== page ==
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Estate Planning in Ontario: Your Comprehensive Guide – Part 1

Welcome to our comprehensive blog series on wills and estates in Ontario. Estate planning and preparing a will are crucial aspects of preparing for the future, ensuring that your assets are distributed according to your wishes and minimizing potential complications for your loved ones. In this series, we will delve into the various aspects of estate planning in Ontario, providing you with valuable insights and information to make informed decisions.

In this inaugural blog post, we will lay the foundation by discussing the fundamental concepts that form the basis of estate planning. Let’s explore what happens when you pass away, whether testate or intestate, the importance of probate, considerations regarding deemed disposition on death and Estate Administration Taxes, and the potential challenges that may arise due to legislation and litigation.

Passing Away Testate vs. Intestate

Estate planning, the process of arranging your affairs while alive, begins with understanding the difference between passing away testate and intestate. When you pass away testate, it means you have left a valid will that outlines how your assets should be distributed among your beneficiaries. Conversely, dying intestate means you have not created a will, leaving the distribution of your estate to be determined by Ontario’s Succession Law Reform Act, potentially leading to unintended consequences. While the distribution scheme established in the Succession Law Reform Act may be adequate for relatively small estates, complications may arise, such as when having an estate trustee appointed, that may increase the costs incurred by an intestate estate.

Applying to the Court for a Certificate of Appointment

Obtaining a Certificate of Appointment, commonly referred to as probate, is a legal process that validates a will. The court issues a Certificate of Appointment of Estate Trustee with a Will, commonly known as a probate certificate. While some estates may not require probate, it is often necessary. In addition, not all assets within an estate will necessarily require probate. If the deceased held assets in their name alone, such as a house, or if assets were held with certain financial institutions, probate is often required. In addition to validating a will, obtaining a Certificate of Appointment provides legal protection and transparency in the administration of the estate. 

Deemed Disposition on Death and Estate Administration Taxes

Upon your passing, your assets are deemed to have been disposed of, potentially triggering capital gains tax. Understanding these tax implications is vital for effective estate planning. In addition to capital gains tax, Estate Administration Taxes, also known as probate fees, are levied on the total value of your estate when applying for probate. Proper planning can help minimize the impact of these taxes on your beneficiaries.

Legislative Considerations

An experienced lawyer can play a pivotal role in your estate planning, particularly when it comes to navigating the potential impact of legislation on the terms of your will. While testamentary freedom grants you the right to distribute your assets according to your preferences, it’s crucial to understand that specific legislation may supersede the provisions of your will. Notably, Ontario’s Family Law Act and Succession Law Reform Act can exert influence over your will’s provisions. Furthermore, provisions of the Family Law Act allow you to strategically craft your will to shield the assets, and income generated from those assets, inherited by your heirs from the ramifications of a marital or common-law separation. It’s of paramount importance to ensure that your estate plan takes into account the potential implications of relevant legislation, safeguarding your intentions and your loved ones’ future.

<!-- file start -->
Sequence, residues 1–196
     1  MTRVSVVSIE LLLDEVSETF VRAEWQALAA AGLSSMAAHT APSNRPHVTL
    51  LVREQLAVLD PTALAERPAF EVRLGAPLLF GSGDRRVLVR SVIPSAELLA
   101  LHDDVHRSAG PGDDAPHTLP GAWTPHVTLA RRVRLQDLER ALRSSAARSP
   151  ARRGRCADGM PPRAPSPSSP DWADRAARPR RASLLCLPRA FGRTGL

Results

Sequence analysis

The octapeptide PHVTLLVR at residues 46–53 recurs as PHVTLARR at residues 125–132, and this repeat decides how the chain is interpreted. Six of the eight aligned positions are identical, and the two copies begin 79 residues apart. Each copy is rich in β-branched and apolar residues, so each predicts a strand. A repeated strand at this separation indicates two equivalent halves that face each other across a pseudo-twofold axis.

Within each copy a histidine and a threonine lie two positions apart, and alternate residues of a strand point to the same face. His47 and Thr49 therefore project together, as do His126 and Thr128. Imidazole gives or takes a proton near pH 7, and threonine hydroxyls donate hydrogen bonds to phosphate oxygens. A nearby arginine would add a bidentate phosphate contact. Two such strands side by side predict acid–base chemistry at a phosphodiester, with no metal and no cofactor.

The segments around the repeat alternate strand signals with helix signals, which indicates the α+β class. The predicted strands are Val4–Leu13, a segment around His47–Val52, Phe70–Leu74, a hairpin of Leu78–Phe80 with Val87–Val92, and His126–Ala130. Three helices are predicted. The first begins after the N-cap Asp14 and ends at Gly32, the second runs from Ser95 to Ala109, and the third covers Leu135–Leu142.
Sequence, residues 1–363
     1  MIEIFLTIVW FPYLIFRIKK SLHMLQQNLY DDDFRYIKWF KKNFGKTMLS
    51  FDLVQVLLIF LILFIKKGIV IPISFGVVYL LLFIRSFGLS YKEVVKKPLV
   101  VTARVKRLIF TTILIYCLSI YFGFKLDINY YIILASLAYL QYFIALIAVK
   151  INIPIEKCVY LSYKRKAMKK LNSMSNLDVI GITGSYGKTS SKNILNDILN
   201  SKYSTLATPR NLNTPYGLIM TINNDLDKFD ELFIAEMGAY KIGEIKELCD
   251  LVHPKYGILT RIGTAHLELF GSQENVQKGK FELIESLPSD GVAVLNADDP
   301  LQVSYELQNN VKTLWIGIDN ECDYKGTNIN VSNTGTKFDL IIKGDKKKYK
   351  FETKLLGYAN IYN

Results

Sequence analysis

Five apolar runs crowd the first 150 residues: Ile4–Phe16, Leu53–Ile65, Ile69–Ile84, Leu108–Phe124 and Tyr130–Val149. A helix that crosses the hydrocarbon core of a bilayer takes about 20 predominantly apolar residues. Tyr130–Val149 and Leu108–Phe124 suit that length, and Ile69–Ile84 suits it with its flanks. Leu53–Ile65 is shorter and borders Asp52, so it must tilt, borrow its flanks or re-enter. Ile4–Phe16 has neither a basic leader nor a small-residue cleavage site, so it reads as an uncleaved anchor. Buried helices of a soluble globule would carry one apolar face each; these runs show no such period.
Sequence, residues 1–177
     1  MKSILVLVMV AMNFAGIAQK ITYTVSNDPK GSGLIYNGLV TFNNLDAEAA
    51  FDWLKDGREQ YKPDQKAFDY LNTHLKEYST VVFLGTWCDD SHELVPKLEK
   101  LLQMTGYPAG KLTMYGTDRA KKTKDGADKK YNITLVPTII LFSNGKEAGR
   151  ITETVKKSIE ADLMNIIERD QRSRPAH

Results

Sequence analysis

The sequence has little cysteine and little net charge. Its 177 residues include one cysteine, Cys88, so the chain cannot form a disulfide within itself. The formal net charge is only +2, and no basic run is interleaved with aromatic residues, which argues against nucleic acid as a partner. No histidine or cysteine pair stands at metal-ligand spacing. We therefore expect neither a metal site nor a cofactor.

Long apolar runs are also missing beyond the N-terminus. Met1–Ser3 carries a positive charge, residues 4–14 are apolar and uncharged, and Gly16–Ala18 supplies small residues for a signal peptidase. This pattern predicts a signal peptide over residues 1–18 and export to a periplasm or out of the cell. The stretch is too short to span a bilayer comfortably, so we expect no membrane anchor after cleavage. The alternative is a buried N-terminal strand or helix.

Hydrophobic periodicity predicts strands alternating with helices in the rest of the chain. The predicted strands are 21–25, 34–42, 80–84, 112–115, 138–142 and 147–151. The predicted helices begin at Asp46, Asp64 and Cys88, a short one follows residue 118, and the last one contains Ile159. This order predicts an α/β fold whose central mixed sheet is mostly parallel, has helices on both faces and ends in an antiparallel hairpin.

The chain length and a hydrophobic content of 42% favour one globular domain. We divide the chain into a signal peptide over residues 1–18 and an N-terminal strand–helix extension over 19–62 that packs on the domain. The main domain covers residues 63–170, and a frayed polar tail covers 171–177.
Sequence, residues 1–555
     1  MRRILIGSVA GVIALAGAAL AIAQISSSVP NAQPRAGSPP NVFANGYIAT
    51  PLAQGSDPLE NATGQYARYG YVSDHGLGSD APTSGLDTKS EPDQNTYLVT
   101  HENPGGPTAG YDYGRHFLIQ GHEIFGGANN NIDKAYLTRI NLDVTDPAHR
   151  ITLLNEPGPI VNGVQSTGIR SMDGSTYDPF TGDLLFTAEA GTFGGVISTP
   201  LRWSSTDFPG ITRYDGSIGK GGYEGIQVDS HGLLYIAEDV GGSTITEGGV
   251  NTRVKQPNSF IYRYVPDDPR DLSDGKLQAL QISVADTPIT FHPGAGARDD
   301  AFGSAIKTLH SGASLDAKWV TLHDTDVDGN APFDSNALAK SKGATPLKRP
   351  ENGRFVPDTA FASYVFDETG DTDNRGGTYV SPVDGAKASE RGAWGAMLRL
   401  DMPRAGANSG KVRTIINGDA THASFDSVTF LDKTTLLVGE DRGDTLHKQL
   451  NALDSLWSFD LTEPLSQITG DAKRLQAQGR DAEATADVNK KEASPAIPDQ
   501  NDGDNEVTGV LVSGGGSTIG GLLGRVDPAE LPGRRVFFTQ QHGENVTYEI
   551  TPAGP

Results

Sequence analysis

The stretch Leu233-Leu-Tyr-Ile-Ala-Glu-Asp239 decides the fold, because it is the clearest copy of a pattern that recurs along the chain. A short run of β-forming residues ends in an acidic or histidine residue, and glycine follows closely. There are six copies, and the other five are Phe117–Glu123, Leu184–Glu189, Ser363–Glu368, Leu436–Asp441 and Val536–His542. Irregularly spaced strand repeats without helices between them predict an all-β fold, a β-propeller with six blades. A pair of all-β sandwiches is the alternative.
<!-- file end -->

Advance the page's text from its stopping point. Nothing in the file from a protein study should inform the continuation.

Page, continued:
Potential Litigation

Estate litigation can emerge for a multitude of reasons, encompassing disputes related to outstanding debts or contestations regarding the legitimacy of the will. One recurring area of estate litigation involves constructive and resulting trusts, which often manifest when undocumented gifts were made by the deceased before their passing. These situations underscore the importance of vigilance in recognizing potential issues and proactively addressing them within your estate plan. By taking these precautionary measures, you can mitigate the likelihood of posthumous legal conflicts that may strain familial bonds and deplete valuable estate assets.

The Importance of Comprehensive Estate Planning

While having a will is a crucial component of estate planning, it is only one piece of the puzzle. With the risks of taxes, potential litigation, and legislation that can impact your estate, comprehensive estate planning should be your primary concern. A knowledgeable lawyer can assist you in crafting a well-rounded plan that aligns with your goals, protects your assets, and ensures a seamless transition for your loved ones.


In this introductory blog post, we’ve scratched the surface of estate planning in Ontario. As we continue this series, we will delve deeper into each of these topics, providing you with actionable insights and guidance to navigate the complexities of estate planning. Remember, a well-thought-out estate plan can safeguard your legacy and help take care of your loved ones, so stay tuned for more valuable information in our upcoming posts. If you have specific questions or need assistance with your estate planning needs, do not hesitate to reach out to the experienced team at Pavey Law.